Offense off and running behind Gordon

KANSAS CITY, Mo. -- The Los Angeles Dodgers' offseason objective was to get younger and more athletic. Then they went out and signed a bunch of relief pitchers.

The two young athletes they brought in, Cubans Alex Guerrero and Erisbel Arruebarrena, have had 15 major league plate appearances between them this season. There is a young and speedy outfielder, Joc Pederson, in the wings, but he has been blocked all season by four veteran outfielders in L.A. who aren't getting any more athletic and are certainly not getting any younger.

Yet, despite all that, the plan has somehow worked. Someone they had all along has somehow made it work by his stubborn refusal to give up his everyday spot in the lineup. Dee Gordon has probably been a bigger part of what makes this Dodgers offense go than any of us has given him credit for.

The Dodgers are third in the National League in runs scored despite being ninth in home runs. They lead the majors with 80 stolen bases, and Gordon has half of those.

You want young and athletic? How about Gordon and Yasiel Puig legging out triples on back-to-back plays Wednesday that looked routine doubles all the way. Gordon lined a ball directly over the right fielder's head. Puig yanked one into the left-field corner. When Royals outfielders took their time retrieving the balls, both Gordon and Puig just kept going. They did that in the third inning to spark a two-run rally to help the Dodgers ease out of Kansas City with a 5-4 win, keeping their momentum intact.

"Dee's definitely changing things when he gets on base," Dodgers manager Don Mattingly said.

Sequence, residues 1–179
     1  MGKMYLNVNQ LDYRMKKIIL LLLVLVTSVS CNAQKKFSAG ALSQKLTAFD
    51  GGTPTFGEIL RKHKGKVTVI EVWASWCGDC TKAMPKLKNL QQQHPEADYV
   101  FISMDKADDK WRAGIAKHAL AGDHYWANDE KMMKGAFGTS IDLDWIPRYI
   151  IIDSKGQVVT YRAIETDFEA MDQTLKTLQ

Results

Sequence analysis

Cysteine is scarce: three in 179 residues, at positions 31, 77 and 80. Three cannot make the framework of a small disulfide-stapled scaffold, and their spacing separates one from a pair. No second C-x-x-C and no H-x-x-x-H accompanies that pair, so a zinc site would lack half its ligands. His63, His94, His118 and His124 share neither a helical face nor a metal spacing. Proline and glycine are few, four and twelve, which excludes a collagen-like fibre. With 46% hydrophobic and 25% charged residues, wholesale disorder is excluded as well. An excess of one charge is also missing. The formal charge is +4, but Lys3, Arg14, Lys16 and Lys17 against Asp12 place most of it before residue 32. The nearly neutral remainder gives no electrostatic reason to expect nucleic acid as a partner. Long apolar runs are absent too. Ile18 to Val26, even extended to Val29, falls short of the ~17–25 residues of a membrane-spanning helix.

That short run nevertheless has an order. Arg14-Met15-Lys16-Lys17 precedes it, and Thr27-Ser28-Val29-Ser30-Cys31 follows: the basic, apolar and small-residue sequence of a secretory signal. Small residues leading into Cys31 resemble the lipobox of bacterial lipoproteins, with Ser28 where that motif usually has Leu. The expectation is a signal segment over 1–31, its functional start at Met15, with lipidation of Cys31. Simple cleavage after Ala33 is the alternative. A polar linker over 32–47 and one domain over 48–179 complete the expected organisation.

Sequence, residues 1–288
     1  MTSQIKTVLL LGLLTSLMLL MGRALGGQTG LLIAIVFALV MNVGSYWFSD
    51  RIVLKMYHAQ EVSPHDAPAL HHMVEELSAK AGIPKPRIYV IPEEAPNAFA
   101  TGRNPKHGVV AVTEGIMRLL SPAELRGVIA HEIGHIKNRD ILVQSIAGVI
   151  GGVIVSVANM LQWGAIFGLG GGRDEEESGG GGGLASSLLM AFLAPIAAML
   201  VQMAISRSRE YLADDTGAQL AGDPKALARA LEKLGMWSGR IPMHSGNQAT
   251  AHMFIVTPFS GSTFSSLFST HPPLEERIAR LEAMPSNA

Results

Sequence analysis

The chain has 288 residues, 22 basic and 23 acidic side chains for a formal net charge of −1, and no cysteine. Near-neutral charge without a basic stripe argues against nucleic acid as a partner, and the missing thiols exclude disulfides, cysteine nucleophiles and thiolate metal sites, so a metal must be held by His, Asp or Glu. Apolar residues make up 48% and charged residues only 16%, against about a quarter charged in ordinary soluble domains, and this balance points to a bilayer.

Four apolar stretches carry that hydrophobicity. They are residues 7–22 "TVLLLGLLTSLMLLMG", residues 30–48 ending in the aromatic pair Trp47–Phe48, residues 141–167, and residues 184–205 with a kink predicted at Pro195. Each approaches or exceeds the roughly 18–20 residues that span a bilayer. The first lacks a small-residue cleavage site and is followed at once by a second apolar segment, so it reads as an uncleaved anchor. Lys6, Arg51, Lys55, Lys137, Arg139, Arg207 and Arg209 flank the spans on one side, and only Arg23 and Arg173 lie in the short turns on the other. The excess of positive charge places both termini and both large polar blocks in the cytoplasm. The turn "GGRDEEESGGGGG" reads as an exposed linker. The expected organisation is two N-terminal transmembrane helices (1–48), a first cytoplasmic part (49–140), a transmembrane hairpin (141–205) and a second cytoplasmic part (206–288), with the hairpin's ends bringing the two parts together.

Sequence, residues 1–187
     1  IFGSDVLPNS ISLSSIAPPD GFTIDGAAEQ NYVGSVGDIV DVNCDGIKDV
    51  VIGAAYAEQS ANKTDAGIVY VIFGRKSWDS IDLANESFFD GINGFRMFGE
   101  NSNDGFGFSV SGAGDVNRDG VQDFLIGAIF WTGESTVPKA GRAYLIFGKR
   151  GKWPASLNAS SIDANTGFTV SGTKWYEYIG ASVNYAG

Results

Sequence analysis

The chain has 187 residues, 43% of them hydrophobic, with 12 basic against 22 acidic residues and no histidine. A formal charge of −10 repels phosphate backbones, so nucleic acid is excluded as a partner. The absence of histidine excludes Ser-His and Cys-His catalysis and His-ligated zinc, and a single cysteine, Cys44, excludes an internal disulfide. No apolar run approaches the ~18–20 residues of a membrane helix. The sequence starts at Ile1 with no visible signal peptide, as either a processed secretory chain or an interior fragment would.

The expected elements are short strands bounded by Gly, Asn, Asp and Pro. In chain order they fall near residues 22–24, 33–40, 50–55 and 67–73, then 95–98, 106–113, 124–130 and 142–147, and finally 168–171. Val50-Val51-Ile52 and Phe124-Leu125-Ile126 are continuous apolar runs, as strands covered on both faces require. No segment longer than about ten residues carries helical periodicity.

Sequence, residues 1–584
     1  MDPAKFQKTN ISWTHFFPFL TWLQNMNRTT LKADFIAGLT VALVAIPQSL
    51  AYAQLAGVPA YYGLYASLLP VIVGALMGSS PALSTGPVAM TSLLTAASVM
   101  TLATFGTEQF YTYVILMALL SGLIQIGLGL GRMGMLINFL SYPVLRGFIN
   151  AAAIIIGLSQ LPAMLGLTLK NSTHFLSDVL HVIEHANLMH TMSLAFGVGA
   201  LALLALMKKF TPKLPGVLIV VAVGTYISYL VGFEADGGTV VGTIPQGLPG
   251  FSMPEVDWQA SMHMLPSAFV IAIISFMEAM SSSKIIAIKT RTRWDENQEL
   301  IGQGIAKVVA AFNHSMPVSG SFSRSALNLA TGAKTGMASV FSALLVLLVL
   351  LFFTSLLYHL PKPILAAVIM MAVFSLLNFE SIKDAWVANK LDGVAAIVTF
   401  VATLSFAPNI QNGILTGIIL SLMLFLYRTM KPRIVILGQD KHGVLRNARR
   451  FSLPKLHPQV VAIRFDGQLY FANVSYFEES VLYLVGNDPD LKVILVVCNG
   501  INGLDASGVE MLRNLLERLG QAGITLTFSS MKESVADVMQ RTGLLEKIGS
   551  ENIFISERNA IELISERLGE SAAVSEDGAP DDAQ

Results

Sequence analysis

He changes everything. It's not only the stolen bases, it's how teams react to his threat of advancing. If anything, Gordon has been forcing the issue at times lately. After getting caught stealing only three times in his first 55 games, Gordon has been caught four times in his past 18. But the Dodgers aren't as concerned with whether Gordon flashes back to the 1980s and steals 80-something bases as they are with what he can do to help them win games.

The Dodgers need him to score runs and he now leads them in that category. He has scored 13 times in those 18 games. Pitchers at times have proven obsessed with him and it has led to bad results for them. In San Diego, reliever Alex Torres seemed so preoccupied with Gordon after he walked him that he lost his focus, allowing a key insurance run to score. Wednesday night, James Shields actually balked in a run while trying to pick Gordon off third. Did he really think he was going to try to steal home?

Gordon's legs can impact an inning in ways most of us might never pick up on.

"In my experience with guys who are running, you've got to slide-step more, and when a pitcher slide steps, you're going to lose a little more behind the ball and location isn't quite as crisp,” pitcher Dan Haren said. "It's definitely a weapon, and he's been getting on base a lot in the last couple weeks."

A great catcher can neutralize base stealing, of course. Gordon didn't steal here off Salvador Perez. He managed to steal second on backup Brett Hayes, and Hayes threw him out going for third two innings later. This weekend, the Dodgers face the St. Louis Cardinals, who once personified the 1980s speed game. Now the face of their team is catcher Yadier Molina.

In Game 1 of last October's NLCS, Gordon pinch-ran for Adrian Gonzalez in the eighth inning. He never tried to steal off Molina and the Dodgers didn't score, losing 3-2. Many Dodgers fans seemed to blame Mattingly for pulling Gonzalez at that point, but the complexion of that series might have changed if Gordon could have stolen that base.

"Some guys you just can't run on, but if the pitcher's concentrating on you and someone behind you gets something to hit, I'll take that," Gordon said. "I've got to just go play the game. I can't stop playing my game."

When Gordon was asked if he'd like to get Molina in the upcoming series just to show that he can, he wanted no part of it. Give him credit for more than just his athletic ability. He's smart, too.